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Wednesday, March 25, 2015

Beyond the beach: 5 free things to do in Florida

With approximately 800 miles of beaches, Florida offers plenty of free fun in the sun. But when you’ve gotten your fill of vitamins D and “sea,” consider these other amusements that don’t cost a dime.

SummerJazz on the Gulf via Pat Shapiro

SummerJazz on the Gulf via Pat Shapiro

Catch a free concert: Year-round warm weather means perennial outdoor concert season, so pack a picnic basket and a blanket. Options range from the Florida Orchestra’s Pops in the Park concerts in St. Petersburg and Tampa, to the SummerJazz on the Gulf series in Naples, to Springing the Blues in Jacksonville. In South Florida, free is chic, as with the New World Symphony Wallcast concerts projected onto a 7,000-square-foot wall in Miami Beach SoundScape. Sounds like music to our ears.

Southermost Point via nathanmac87 at Flickr Creative Commons

Southermost Point via nathanmac87 at Flickr Creative Commons

Get the picture: The best souvenirs also happen to be the cheapest: photographs. Florida is home to some prime photo ops, so grab that selfie stick and start making your Facebook friends jealous. Begin your shutterfest in St. Augustine, where you can catch the free ferry to Fort Matanzas National Monument in all its 16th-century glory. Then make your way down to Sarasota‘s Ringling Museum of Art on a Monday for free admission to its gorgeous estate. And finish up in Key West with a quintessential photo at the Southernmost Point buoy marking 90 miles to Cuba.

Loxahatchee Slough Natural Area stretch of the Florida Trail via Winnie Lo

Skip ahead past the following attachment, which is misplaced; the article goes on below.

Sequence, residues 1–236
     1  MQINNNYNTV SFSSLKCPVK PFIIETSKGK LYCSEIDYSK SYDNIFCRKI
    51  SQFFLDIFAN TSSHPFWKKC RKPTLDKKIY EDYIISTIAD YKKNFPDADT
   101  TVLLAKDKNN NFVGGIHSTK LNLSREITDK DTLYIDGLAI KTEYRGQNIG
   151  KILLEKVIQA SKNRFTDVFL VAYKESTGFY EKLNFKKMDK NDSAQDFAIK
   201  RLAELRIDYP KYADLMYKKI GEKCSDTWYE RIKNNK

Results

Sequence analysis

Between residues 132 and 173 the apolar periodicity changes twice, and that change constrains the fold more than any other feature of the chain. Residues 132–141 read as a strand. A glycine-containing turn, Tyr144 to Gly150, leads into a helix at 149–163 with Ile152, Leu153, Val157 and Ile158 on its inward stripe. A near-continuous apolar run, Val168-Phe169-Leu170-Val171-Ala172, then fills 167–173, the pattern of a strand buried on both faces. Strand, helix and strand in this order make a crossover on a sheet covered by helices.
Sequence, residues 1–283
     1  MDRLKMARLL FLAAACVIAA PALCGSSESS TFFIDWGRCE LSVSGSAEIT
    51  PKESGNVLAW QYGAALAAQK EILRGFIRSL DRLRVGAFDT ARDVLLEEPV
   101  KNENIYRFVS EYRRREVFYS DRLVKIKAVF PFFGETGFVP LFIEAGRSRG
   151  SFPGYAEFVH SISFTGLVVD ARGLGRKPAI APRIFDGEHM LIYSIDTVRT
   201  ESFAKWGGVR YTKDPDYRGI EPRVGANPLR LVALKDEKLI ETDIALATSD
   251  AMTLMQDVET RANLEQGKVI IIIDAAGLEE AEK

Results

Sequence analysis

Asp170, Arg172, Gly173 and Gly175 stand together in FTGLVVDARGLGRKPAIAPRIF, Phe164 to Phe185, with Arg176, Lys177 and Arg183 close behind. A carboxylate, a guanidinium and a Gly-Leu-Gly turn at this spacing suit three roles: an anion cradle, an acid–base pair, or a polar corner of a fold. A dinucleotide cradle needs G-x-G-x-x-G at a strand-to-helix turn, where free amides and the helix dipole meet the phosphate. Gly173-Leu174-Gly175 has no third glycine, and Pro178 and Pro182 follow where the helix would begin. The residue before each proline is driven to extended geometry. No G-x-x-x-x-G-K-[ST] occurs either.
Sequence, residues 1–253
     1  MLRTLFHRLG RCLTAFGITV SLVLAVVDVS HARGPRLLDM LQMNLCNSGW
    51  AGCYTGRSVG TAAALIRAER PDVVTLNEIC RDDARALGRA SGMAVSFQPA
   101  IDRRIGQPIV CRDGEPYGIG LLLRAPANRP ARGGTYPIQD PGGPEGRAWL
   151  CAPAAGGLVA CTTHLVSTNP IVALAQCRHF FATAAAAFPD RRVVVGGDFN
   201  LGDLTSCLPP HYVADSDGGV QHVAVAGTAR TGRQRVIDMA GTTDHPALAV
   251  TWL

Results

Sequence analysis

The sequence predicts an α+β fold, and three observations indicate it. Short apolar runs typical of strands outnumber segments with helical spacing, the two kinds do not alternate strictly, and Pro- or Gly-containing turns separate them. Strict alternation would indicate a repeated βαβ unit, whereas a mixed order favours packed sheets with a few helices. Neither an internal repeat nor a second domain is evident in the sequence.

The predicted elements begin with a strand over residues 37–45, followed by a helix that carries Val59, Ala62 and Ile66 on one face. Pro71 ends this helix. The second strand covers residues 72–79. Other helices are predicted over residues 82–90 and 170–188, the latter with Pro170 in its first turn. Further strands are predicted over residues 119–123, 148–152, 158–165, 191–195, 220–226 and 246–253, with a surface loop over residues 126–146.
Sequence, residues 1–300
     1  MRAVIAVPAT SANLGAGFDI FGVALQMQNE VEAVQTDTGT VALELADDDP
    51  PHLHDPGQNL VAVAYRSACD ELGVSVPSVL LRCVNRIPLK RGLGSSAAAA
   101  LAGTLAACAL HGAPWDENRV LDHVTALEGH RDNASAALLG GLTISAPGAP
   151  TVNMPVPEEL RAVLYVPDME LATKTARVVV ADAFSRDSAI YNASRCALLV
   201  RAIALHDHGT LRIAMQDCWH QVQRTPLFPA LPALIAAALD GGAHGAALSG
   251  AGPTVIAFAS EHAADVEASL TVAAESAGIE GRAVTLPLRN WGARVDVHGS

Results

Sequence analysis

Loxahatchee Slough Natural Area stretch of the Florida Trail via Winnie Lo

Take a hike: Keep that camera handy for a jaunt along the Florida National Scenic Trail. The 1,300-mile path stretches from the Everglades all the way up to historic Fort Pickens. Some parts of the trail are more developed than others, but plenty are suitable for hikers of all ages and fitness levels looking to get up close and personal with the Sunshine State’s flora and fauna.

Wynwood Walls via Phillip Pessar at Flickr Creative Commons

Wynwood Walls via Phillip Pessar at Flickr Creative Commons

State of the art: Warm weather is perfect for evening art walks, where you can gallery-hop and sometimes enjoy free wine and entertainment. If you’re in Miami, definitely head to Wynwood – a trendy neighborhood with a concentration of vibrant, larger-than-life murals. If you happen to be there on a Tuesday evening, stop by Wood Tavern for two free tacos — no catch.

Gulf of Mexico via Visit St. Petersburg/Clearwater

Gulf of Mexico via Visit St. Petersburg/Clearwater

Celebrate the sun: Floridians take our sunsets quite seriously. Whether we’re sitting on a beach, out for an evening stroll or even just stuck in traffic, we take a moment to appreciate the ever-changing cotton candy skies. There are even formal events to mark the end of the day. Two of the best-known take place at Mallory Square in Key West and Pier 60 in Clearwater Beach. Both events feature live entertainment, vendors and a family-friendly atmosphere against the backdrop of the setting sun.

 

Story by Dalia Colon